In 2004, as it happens, the year that what was then called TheFacebook was founded, she moved to San Francisco. Her first job was at Gold’s Gym, and she enrolled in the Academy of Art University to study illustration. She was technically skilled. One of her earliest commissions came from Paul Stein, a developer who built Airbnb’s headquarters. He wanted a portrait, not of a man but of a machine. Pilat did an oil painting of an old-school fire alarm that he loved. Soon word got around about her work. “The Bay Area is a very small crowd,” Pilat says. “When you meet one person, you meet many.” She found a patron in the tech executive Peter Hirshberg and scaled up from there. Pilat’s next collector was Steve Jurvetson, one of Silicon Valley’s top venture capitalists. Jurvetson was a board member of Tesla and currently sits on the board of SpaceX. “He’s the one who opened a lot of doors for me,” recalls Pilat.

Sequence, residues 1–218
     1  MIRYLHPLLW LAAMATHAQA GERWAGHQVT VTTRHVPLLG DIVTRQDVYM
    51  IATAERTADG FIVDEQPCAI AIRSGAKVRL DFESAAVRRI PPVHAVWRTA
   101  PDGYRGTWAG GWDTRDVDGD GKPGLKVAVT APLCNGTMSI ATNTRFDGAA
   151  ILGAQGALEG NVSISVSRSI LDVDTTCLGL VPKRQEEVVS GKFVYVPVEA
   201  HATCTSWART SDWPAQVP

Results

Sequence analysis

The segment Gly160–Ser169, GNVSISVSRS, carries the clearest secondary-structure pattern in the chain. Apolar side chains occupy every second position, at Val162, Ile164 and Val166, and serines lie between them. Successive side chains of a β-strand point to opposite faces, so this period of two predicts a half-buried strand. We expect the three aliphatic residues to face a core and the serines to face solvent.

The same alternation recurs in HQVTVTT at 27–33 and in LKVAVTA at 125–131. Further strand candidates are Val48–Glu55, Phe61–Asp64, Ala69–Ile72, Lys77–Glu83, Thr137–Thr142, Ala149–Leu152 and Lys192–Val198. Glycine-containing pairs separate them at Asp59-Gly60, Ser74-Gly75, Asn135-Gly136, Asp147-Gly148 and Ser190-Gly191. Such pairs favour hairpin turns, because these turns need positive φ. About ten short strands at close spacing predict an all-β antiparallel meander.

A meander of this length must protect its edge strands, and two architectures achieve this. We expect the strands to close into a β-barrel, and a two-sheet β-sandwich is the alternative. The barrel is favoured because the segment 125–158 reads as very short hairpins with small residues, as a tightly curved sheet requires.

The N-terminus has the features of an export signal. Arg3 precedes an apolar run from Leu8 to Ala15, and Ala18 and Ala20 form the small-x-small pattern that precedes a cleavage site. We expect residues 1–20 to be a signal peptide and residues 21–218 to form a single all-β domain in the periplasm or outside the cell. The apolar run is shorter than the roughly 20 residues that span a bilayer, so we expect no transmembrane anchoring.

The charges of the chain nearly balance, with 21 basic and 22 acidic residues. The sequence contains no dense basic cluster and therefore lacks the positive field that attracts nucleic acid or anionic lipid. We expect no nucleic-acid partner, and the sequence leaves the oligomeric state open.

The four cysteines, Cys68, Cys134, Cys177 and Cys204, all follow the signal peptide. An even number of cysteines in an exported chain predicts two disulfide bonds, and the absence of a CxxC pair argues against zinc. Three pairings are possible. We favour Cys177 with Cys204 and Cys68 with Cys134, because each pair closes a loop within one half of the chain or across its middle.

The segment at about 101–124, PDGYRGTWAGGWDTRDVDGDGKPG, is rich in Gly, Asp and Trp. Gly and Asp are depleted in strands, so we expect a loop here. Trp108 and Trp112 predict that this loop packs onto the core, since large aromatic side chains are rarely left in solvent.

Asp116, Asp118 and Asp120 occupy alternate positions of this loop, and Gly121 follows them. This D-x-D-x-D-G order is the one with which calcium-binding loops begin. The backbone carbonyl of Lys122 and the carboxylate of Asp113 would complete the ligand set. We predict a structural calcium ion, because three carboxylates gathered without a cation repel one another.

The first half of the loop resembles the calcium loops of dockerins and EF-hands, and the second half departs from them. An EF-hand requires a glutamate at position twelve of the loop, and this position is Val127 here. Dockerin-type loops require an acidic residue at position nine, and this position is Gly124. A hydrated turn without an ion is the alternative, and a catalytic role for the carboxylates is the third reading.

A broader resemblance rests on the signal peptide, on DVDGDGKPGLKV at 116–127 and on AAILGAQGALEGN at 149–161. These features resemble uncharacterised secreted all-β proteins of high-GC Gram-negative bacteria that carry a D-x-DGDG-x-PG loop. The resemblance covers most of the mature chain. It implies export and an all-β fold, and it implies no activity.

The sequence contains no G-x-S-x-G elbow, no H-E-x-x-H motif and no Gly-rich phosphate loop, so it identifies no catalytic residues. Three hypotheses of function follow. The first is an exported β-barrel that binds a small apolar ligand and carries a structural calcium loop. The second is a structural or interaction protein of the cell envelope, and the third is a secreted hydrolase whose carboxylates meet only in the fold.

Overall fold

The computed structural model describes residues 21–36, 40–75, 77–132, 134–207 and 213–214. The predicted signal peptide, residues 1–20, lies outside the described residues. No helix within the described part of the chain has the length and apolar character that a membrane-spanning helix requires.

And she genuinely admired what they were building, unlike many in San Francisco, which she calls “the center of liberal crazies”: “They don’t understand what collectivism leads to and what punishing someone just because they’re successful leads to.” A friend gave her a copy of Rand’s Atlas Shrugged. “I would not be the artist that I am without that book,” she says. “It gives you a moral right to develop your talent to the fullest and focus on what you think your talent is, and there’s an amazing power that comes from that, and I think America is a lot about that.” The brutality of Randian individualism, of the cult of the ego and its success, galvanized Pilat.